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Ryegrass Management at Heart of Tasmanian Ill-thrift

20 August 2014

AUSTRALIA - A condition costing Tasmanian farmers over A$10 million each year could be linked to the island’s most widely used pasture grass.

Ill-thrift robs the state’s farmers of 3,300 tonnes of beef production every year, Meat and Livestock Australia study has calculated, dubbing it a ‘silent thief’.

Causing cattle to underperform despite having enough good feed, ill-thrift is widespread across temperate regions of the world, according to a consultant with Australian company Macquarie Franklin.

Researcher Basil Doonan has honed down the factors to three linked causes – mycotoxins, parasites and pasture quality.

Regarding mycotoxins, he explained that toxins produced by fungi in ryegrass could be behind the large cost to farmers.

Ryegrass is the most dominant pasture species used in Tasmania for finishing, and hosts a number of fungi and mycotoxins, he added.

“Mycotoxins can occur in both pasture and fodder crops and are secondary chemicals produced by a wide range of fungi that have toxic effects on animals, for example ryegrass staggers,” said Mr Doonan.

“Ryegrass staggers, photosensitisation and ill-thrift are all related to elevated levels of mycotoxins on pasture, particularly older, under-utilised pastures with more fallen dry feed.”

However, managing the condition has no easy answer, with Mr Doonan insisting more research is required before ‘practical solutions to ill-thrift could be recommended’.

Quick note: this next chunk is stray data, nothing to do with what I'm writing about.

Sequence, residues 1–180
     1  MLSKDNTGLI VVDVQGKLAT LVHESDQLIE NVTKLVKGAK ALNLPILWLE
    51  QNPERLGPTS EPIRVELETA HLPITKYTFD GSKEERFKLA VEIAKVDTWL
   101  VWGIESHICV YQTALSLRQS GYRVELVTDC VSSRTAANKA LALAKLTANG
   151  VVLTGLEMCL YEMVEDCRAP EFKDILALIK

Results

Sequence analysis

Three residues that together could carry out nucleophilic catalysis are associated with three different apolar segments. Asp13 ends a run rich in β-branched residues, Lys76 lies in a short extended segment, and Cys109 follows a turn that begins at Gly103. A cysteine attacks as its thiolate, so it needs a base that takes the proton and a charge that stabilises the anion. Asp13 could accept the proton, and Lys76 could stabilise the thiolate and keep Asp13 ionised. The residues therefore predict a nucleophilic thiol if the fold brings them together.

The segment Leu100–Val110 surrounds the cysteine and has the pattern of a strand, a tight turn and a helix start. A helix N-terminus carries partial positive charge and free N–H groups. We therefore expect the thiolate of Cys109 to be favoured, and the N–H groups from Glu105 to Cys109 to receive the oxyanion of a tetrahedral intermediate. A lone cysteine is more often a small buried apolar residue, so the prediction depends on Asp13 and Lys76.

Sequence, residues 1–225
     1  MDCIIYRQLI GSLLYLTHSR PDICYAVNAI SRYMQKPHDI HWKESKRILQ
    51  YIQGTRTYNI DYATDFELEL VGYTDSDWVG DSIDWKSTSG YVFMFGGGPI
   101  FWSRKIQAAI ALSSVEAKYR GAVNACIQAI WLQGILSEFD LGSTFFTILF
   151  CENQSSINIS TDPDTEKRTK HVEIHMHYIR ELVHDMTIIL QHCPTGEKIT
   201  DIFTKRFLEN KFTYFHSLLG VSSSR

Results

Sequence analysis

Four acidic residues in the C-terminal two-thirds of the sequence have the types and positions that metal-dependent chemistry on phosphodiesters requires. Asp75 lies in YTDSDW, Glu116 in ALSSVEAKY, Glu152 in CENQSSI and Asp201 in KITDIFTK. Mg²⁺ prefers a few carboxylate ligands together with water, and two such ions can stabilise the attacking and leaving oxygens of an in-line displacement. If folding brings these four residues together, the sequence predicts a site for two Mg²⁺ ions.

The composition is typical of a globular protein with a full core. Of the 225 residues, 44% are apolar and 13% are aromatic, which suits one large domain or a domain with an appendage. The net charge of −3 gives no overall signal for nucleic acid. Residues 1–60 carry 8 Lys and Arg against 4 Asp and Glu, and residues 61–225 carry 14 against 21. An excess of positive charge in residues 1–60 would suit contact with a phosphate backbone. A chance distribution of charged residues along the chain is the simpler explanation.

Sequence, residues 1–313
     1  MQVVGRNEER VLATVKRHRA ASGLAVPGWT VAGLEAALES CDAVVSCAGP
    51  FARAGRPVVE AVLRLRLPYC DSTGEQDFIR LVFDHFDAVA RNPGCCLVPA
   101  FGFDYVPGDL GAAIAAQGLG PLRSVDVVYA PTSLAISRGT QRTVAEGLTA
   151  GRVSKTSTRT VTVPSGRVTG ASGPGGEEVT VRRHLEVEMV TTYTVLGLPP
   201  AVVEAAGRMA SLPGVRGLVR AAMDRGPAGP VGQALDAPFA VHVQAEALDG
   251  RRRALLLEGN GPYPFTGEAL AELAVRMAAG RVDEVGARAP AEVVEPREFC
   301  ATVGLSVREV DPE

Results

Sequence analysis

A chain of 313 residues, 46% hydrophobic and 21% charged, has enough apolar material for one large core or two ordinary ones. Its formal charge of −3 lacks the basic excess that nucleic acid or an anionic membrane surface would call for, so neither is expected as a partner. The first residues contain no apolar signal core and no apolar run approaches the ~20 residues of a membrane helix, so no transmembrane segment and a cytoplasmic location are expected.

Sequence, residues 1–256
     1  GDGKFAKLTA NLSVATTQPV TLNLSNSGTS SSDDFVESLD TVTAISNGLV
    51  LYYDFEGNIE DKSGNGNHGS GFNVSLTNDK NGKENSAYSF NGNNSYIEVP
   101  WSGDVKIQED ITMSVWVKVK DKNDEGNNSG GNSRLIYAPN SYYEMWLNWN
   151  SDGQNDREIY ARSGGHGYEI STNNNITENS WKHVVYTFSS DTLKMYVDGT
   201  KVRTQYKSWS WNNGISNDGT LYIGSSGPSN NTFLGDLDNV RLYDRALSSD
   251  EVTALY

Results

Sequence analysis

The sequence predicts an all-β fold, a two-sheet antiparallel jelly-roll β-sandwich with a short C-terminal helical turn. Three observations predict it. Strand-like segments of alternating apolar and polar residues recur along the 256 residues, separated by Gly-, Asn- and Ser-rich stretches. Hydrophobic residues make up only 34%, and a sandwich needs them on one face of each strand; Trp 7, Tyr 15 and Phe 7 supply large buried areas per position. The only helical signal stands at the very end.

A broad brush approach is through improved grazing management and changing feed, he suggested.

This would entail considering ryegrass quality in the autumn and winter months, a known time for ill-thrift to flare up.

Combatting its two main causes – parasites and pasture quality – are worthwhile, according to Beef and Lamb New Zealand advisers.

They recommend worm control and pasture renovation before tackling ‘more complex fungi issues’.

Furthermore, due to the different factors causing ill-thrift, testing is advised.

This could be faecal eggs counts for parasites, urine tests for endophyte toxins, pasture/faecal spore counts for facial eczema and liver assessments for trace elements.

Pneumonia and fusaria fungi are also linked to the disease.

Summarising a New Zealand study, Beef and Lamb New Zealand said: “The most common reason for stock growing slower than farmers expected over summer and autumn was poor pasture quality.

“However, when pasture quality was taken into consideration the next biggest cause of ill-thrift was parasitism.”

Michael Priestley

Michael Priestley
News Team - Editor

Mainly production and market stories on ruminants sector. Works closely with sustainability consultants at FAI Farms

 

Top image via Shutterstock



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